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Signs of a Heart Attack in Older Adults
Categories: Cardiovascular Diseases, Medical Issues, Senior Care Tips | Posted: 3/18/2014 | Views: 4514

We often think of a heart attack occurring like it does in the movies. The victim will suddenly grab his chest, fall to the floor, proclaims “I am having a heart attack,” and passes out cold.

So, when someone has chest pain and does not dramatically drop to the ground, people have a tendency to deny what is happening because they do not want to risk looking foolish by rushing to the hospital. So how will you know if it is happening to you or a loved one?

What is a Heart Attack?

First, it is important to distinguish a “heart attack” from a sudden cardiac arrest. What we commonly refer to as a heart attack is called a myocardial infarction. It is the most common type of cardiac emergency. A myocardial infarction is when at least one of the main arteries to the heart is blocked by cholesterol and/or other built-up materials known as plaque.

A heart attack can lead to a sudden cardiac arrest, but often does not. A person having a heart attack may have noticed chest pain for weeks before the actual attack and the heart attack itself can last an hour or more while the person is still alert.

Conversely, a sudden cardiac arrest, while less common, is more like what we see in the movies. Often, it is the end result of a heart attack – but it can also be caused by something else like a defect in the heart or a chemical imbalance in the body. Therefore, it can have some warning signs like a heart attack or it can come suddenly out of the blue. The main feature is that the heart stops beating or is beating so erratically that it is no longer pumping blood through the body.

Time is Crucial in Both Heart Attacks and Sudden Cardiac Arrests

Both situations are an emergency. If a person is having a heart attack and it goes untreated, it can cause damage to the heart itself and can lead to sudden cardiac arrest. In sudden cardiac arrest, time is even more crucial because if blood stops pumping, the brain cannot live very long and can be damaged within a short amount of time. So, if you think either is happening at all, you should call 9-1-1 immediately and get the person help. Time really makes a difference.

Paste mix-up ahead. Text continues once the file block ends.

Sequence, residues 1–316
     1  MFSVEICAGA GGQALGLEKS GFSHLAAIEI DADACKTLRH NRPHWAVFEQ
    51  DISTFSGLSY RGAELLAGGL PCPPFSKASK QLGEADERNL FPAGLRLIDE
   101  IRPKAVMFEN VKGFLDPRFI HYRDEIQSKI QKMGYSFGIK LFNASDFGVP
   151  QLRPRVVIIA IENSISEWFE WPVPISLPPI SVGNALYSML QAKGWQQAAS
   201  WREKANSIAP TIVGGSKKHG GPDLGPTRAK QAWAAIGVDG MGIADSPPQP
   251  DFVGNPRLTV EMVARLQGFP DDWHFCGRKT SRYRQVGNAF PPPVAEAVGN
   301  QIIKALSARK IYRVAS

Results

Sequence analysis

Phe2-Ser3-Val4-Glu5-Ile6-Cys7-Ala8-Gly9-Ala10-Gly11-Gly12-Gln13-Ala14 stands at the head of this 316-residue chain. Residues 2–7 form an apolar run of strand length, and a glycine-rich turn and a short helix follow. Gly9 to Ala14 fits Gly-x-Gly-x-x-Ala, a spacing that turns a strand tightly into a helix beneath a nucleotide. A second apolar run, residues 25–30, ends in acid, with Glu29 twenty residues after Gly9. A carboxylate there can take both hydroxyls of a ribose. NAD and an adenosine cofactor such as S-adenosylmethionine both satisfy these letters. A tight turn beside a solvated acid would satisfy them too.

Classic Signs of a Myocardial Infarction or Heart Attack

The signs of myocardial infarction can start mildly for up to weeks before the actual heart attack or come on more suddenly – like chest pain upon exertion and fatigue. If it keeps going on untreated, it will increase in intensity. The symptoms will get worse such as labored breathing, intense chest pain, and panic. A myocardial infarction is an emergency. Dial 9-1-1 immediately to get help if you see these symptoms:

  • Recurrent chest pain that typically occurs during exertion and subsides with rest – more common in the morning
  • The chest pain is described as a squeezing, pressing, tight, or burning sensation
  • Fatigue
  • Abnormal Fluid Retention
  • Difficulty breathing
  • Increased intensity of chest pain that travels down the left arm
  • Feelings of doom, anxiety, and panic
  • Nausea and light-headedness

Additional Signs of a Heart Attack in Older People

In addition to the signs above, older people can also experience slightly different symptoms. Sometimes, in older people, the symptoms are mild and go unnoticed – leading to a “silent heart attack.” These can be just as deadly and cause significant heart damage. If you or someone you love starts feeling “not right” with vague symptoms that last more than a day or two, you may want to see a doctor to get a check up. It may be more than the flu or “getting old.”

Vague Symptoms of “Silent Heart Attacks” and/or Heart Attack Warning Signs in Older Adults

Prolonged indigestion
Abdominal pain
Feeling more tired than usual over a long period of time
Feeling more winded
Coughing with an unusual cough

Signs of Heart Attacks Seen More in Women

Women tend to have less classic symptoms of heart attacks as well. They often will feel pain in the back of the jaw, neck or back rather in the chest and are more likely to experience any chest pain as more of a squeezing pain. Women may also be more likely to experience extreme fatigue and nausea and feel weakness in the upper shoulder and arm areas.

Signs of a Sudden Cardiac Arrest

Sudden Cardiac Arrest will be potentially more dramatic and is much less common.

  • Sudden Chest Pain
  • Loss of Conscousness
  • No Pulse
  • No Breathing
  • Passing out

The best help for a person experiencing sudden cardiac arrest is to call for help immediately and administer CPR right away until emergency help can arrive. This will keep oxygenated blood going to the organs and avoid death.

Learning CPR

It may be a great idea to learn CPR if you are caring for someone with the potential for a cardiac emergency. Find a local class near you at the American Heart Association.

As with strokes and other disorders, the sooner someone gets to the hospital and gets medical attention, the better the outcome. So, knowing these signs can save someone’s life.


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